during both the worst month and worst year were substantially improved, both losses cut by approximately one-third. The worst total loss, or Maximum Drawdown, was cut by 25% and the longest time to recover was cut by more than 2 years! These are the types of results any investor would appreciate.

Many investors ask how can this possibly work and the answer is relatively simple. By diversifying, all of the investments in your portfolio are not always going up and down together. To help provide more clarity, the accompanying graph illustrates the performance of each asset class in the “Simply Diversified” Portfolio during the 2000-2002 bear market and following recovery.

The green line in the above graph illustrates the performance of the “Simply Diversified” Portfolio and the accompanying lines represent the performance of each individual asset class in the portfolio. As you can see, U.S. Large-Cap Stocks and International Stocks had nearly identical losses during the bear market with International Stocks recovering much more rapidly. U.S. Small-Cap stocks experienced a much smaller loss during this time period and was then followed by a very strong move higher. Bonds steadily marched higher during nearly the entire time period. Diversification among these 4 asset classes clearly reduced an investor’s risk during this bear market and tends to do the same during other market time periods.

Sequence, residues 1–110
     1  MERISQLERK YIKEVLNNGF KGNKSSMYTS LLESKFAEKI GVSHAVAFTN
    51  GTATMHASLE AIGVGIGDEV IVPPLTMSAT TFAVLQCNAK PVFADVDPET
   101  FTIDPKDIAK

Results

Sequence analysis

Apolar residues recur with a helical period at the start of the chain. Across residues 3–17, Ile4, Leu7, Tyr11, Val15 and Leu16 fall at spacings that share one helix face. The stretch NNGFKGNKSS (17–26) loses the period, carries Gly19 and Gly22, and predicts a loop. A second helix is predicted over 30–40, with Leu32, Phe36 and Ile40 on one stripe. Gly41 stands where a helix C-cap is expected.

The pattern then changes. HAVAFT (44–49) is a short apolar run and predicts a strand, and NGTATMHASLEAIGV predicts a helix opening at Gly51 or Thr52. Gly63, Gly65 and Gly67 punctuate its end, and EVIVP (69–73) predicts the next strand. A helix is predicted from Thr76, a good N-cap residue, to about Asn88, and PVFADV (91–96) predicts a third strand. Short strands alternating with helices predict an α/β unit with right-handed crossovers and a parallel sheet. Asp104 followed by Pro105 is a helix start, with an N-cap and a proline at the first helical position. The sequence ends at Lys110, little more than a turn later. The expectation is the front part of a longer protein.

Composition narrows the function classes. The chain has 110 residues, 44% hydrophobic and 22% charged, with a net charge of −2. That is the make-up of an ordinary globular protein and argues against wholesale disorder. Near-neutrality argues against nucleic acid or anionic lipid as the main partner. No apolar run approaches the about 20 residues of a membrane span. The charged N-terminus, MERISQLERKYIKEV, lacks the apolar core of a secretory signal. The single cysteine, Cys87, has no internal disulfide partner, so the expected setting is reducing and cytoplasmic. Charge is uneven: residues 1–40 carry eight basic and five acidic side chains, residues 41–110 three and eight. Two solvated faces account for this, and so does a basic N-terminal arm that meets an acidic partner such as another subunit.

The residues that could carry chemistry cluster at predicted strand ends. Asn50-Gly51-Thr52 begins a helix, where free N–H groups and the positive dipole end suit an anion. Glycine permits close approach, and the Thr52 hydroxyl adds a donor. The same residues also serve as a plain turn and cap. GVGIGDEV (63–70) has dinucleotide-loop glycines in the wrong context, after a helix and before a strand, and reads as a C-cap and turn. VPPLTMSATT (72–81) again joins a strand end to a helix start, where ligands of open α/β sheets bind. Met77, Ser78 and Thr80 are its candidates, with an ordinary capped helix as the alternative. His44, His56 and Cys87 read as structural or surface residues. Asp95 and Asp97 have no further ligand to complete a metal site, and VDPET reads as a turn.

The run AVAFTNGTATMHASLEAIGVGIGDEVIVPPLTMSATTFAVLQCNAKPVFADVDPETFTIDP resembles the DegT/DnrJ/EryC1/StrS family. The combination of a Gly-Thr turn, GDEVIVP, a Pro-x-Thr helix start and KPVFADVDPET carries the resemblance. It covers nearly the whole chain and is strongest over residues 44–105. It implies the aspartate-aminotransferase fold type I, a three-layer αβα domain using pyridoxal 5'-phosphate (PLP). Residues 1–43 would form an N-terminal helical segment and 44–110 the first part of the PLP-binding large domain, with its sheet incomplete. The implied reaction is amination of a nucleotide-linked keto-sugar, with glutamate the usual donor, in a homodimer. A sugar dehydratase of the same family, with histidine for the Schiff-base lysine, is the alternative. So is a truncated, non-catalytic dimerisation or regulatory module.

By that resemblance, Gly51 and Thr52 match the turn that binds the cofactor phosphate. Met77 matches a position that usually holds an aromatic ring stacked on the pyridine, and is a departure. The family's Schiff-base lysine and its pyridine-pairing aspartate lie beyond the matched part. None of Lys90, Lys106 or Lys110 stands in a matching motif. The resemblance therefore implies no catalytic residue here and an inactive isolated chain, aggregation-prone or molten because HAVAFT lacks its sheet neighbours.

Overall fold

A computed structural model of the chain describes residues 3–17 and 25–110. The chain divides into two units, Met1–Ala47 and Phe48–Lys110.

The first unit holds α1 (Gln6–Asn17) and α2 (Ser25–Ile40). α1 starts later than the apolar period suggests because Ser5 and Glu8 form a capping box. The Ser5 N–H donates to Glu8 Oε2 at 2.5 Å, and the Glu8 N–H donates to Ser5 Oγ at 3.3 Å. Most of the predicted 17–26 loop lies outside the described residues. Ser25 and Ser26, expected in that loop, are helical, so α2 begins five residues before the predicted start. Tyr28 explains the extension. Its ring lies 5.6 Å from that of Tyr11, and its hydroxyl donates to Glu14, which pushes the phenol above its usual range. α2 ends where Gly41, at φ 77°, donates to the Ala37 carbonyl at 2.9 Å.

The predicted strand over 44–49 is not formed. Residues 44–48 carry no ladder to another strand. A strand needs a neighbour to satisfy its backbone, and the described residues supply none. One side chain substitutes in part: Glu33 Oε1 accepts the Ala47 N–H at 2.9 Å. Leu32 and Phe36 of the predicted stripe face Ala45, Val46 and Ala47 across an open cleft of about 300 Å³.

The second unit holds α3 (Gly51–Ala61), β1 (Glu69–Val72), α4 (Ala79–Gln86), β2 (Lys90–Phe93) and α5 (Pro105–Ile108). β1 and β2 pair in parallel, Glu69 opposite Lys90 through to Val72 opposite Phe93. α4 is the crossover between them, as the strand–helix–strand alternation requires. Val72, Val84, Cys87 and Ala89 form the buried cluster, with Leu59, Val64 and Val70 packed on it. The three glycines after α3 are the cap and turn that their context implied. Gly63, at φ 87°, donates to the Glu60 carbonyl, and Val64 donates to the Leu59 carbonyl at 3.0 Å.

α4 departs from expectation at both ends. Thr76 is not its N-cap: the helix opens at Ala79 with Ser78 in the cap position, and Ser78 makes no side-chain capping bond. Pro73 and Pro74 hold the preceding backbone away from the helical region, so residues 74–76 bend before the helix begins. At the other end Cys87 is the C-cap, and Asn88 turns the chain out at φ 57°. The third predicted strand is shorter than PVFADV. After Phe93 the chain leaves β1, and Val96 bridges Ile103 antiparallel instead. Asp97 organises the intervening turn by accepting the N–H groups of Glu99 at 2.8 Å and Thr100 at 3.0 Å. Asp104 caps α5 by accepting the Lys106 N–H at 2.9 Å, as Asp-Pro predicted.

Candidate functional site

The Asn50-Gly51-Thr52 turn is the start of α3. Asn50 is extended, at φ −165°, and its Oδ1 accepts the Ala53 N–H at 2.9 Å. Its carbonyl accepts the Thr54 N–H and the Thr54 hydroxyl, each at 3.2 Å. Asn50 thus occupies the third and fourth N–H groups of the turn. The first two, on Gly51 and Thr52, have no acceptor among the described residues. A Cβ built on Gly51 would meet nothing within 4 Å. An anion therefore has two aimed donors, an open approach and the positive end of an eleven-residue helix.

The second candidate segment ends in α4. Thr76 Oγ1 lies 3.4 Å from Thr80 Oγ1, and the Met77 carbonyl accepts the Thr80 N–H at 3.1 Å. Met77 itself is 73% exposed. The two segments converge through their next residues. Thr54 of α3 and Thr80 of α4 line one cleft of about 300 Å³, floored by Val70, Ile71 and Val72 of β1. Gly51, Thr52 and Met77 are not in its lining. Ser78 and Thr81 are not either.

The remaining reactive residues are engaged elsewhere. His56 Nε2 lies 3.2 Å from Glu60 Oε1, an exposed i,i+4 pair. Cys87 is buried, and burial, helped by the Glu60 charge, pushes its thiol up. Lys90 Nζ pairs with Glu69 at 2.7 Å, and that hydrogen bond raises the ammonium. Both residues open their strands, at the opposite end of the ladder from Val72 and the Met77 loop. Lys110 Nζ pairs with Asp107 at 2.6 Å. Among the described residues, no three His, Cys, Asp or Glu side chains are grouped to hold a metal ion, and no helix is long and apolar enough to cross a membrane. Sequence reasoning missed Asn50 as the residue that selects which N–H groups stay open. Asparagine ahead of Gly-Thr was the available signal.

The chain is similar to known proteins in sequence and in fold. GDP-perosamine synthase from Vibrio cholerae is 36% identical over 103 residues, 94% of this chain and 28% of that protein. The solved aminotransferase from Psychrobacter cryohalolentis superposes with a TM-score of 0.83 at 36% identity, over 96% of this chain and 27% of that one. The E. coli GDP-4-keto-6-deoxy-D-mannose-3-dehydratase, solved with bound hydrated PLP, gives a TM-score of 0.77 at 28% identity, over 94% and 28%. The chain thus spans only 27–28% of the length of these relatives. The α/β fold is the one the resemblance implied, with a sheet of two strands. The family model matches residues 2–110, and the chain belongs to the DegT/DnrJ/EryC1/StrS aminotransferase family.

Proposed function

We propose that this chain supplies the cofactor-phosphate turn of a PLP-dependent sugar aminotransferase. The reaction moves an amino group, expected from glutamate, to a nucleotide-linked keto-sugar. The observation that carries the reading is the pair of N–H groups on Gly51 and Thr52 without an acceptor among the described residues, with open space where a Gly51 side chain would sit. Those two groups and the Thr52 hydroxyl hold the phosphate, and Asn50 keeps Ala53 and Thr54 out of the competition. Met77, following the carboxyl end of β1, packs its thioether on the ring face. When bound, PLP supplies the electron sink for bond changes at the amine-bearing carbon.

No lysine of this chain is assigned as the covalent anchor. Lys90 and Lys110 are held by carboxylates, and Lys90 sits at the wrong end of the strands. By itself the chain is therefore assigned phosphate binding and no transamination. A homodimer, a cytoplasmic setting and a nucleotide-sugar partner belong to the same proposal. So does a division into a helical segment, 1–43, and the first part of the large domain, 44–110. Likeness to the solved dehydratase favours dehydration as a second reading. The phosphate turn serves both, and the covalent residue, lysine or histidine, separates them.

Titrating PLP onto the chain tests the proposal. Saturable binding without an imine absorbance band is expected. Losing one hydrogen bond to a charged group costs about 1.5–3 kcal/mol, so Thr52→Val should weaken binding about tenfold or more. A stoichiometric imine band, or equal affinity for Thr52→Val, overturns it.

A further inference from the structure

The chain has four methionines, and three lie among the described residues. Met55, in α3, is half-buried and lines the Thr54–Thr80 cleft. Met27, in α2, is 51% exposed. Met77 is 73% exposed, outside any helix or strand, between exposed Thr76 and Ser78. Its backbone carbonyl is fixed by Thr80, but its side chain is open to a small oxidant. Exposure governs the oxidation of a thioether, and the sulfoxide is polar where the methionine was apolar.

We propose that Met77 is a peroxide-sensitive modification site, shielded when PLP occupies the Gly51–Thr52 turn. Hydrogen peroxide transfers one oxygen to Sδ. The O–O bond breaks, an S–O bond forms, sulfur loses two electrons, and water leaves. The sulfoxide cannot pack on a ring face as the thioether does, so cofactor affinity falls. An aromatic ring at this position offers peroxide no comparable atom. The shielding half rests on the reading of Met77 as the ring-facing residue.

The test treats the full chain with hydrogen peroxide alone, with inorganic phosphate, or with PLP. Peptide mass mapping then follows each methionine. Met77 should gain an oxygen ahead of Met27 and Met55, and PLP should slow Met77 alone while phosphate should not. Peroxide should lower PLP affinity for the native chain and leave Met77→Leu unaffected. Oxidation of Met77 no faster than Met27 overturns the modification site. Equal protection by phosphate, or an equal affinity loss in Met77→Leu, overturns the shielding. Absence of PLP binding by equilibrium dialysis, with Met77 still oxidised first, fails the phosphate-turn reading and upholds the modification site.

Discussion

As outlined earlier, this analysis is performed by simulating a portfolio allocated as illustrated in the table. It is assumed that each asset class performs just as a representative market benchmark performed. For example, returns for U.S. Large-Cap Stocks were assumed to perform as the S&P 500 performed and U.S. Mid-term Government Bonds performed as the Barclays Capital U.S. 7-10 Year Treasury Bond Index performed. The performance of these asset classes, and market benchmarks, can be replicated in a portfolio today via Exchange Traded Funds.

Portfolio Analysis

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Difference in
Performance
Portfolio Name Difference in Performance
Asset Classes
Compounded Returns